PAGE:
In recent years since the Belt and Road Initiative (BRI) became center of its foreign policy strategy, China has put in a lot of effort in making its presence felt in Africa and the Middle East. In accessing the Middle East, China has developed a railroad link that goes through western China in to the Central Asian countries to reach Iran. That land access, however, has its limitations. The amount of Chinese goods that are going into the Middle East is well beyond what the railroads can handle. In other words, trade with the Middle East will be primarily carried out through sea traveling through the Indian Ocean. China is also developing a Pakistani port, Gwadar, close to the Iranian borders on the Arabian Sea, and a 2300-acre Special Economic Zone around it, as an importation hub for oil, gas and other products that the western part of China would need in the future.

 

Since the beginning of this millennium, from being a relatively small investor in the continent, China has risen to become Africa’s largest economic partner. China-Africa trade amounted to US$ 174 billion in 2017, a huge increase from just over US$ 10 billion in 2000. Chinese foreign direct investments in Africa have has risen from US$ 10 billion in 2010 to over more than US$ 60 billion in 2017.

 

Speaking to the China Daily on the sidelines of the 6th Conference of Chinese and African Entrepreneurs at Beijing last September, President of the African Development Bank (AfDB), President Akinwumi Adesina noted: “There’s a perfect alignment between the Belt and Road Initiative and the ‘High 5s’ of the African Development Bank Group. The Bank is already discussing with China Development Bank about formulating large-scale projects, which can fit in the both of the frameworks.” The “High 5s” are: to (1) Light up and Power Africa; (2) Feed Africa; (3) Industrialize Africa; (4) Integrate Africa; and (5) Improve the Quality of Life for the People of Africa. (“Africa is the place to be,” African Development Bank President tells Chinese business leaders at the China-Africa forum: Africa Development Bank: Sept 5 2018).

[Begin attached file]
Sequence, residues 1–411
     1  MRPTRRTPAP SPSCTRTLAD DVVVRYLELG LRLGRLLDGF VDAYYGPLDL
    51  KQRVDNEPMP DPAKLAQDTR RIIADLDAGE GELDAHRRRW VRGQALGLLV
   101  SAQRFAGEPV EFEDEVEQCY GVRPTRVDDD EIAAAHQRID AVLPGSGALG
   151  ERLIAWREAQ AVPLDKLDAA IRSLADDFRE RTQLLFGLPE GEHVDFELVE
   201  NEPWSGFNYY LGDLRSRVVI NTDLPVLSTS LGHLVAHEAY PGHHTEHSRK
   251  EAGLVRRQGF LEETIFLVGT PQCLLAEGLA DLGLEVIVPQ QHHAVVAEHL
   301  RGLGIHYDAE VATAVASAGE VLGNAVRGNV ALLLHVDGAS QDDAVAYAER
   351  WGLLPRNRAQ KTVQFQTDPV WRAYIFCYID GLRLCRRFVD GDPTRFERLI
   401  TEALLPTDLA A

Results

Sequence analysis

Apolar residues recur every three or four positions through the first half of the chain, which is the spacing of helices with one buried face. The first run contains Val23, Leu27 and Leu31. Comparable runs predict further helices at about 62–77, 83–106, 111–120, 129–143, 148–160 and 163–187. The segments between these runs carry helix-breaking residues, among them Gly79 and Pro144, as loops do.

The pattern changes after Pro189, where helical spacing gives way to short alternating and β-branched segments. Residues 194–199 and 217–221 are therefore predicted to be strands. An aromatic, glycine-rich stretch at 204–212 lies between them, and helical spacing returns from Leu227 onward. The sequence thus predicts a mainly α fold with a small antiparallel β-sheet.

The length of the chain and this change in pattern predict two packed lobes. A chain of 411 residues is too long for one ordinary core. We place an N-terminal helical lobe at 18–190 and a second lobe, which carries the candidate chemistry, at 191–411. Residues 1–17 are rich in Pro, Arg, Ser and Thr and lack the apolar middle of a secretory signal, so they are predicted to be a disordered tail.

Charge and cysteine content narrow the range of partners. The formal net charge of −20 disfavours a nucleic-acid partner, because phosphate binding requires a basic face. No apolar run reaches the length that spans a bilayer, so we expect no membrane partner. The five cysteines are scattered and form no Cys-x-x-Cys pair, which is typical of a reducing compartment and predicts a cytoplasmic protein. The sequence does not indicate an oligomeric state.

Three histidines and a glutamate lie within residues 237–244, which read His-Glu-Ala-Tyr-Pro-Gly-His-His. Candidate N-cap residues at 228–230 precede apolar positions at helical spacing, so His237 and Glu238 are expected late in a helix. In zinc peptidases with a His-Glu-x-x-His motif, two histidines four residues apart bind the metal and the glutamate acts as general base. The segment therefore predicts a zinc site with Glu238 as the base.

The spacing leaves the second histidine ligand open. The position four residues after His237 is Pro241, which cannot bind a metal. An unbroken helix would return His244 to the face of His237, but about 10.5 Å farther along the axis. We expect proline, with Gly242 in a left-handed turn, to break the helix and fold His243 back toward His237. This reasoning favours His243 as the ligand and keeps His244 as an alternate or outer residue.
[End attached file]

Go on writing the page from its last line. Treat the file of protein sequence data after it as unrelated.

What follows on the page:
A McKinsey & Co report of June 2017 pointed out that “Chinese firms operate across many sectors of the African economy. Nearly a third are involved in manufacturing, a quarter in services, and around a fifth in trade and in construction and real estate. In manufacturing, we estimate that 12 percent of Africa’s industrial production - valued at some $500 billion a year in total - is already handled by Chinese firms. In infrastructure, Chinese firms’ dominance is even more pronounced, and they claim nearly 50 percent of Africa’s internationally contracted construction market.” (Dance of the lions and dragons: Irene Yuan Sun, Kartik Jayaram, Omid Kassiri: McKinsey & Co: June 2017)

 

The report concluded that China’s investments in Africa are bound to grow. “We interviewed more than 100 senior African business and government leaders, and nearly all of them said the Africa-China opportunity is larger than that presented by any other foreign partner - including Brazil, the European Union, India, the United Kingdom, and the United States.

 

“But exactly how quickly will the Africa-China relationship grow in the decade ahead? We see two potential scenarios. In the first, the revenues of Chinese firms in Africa grow at a healthy clip to reach around $250 billion in 2025, from $180 billion today. This scenario would simply entail ‘business as usual,’ with Chinese firms growing in line with the market, holding their current market shares steady as African economies expand. Under this scenario, the same three industries that dominate Chinese business in Africa today - manufacturing, resources, and infrastructure - would dominate in 2025 as well.” (Dance of the lions and dragons: Irene Yuan Sun, Kartik Jayaram, Omid Kassiri: McKinsey & Co: June 2017)

 

(To be continued …)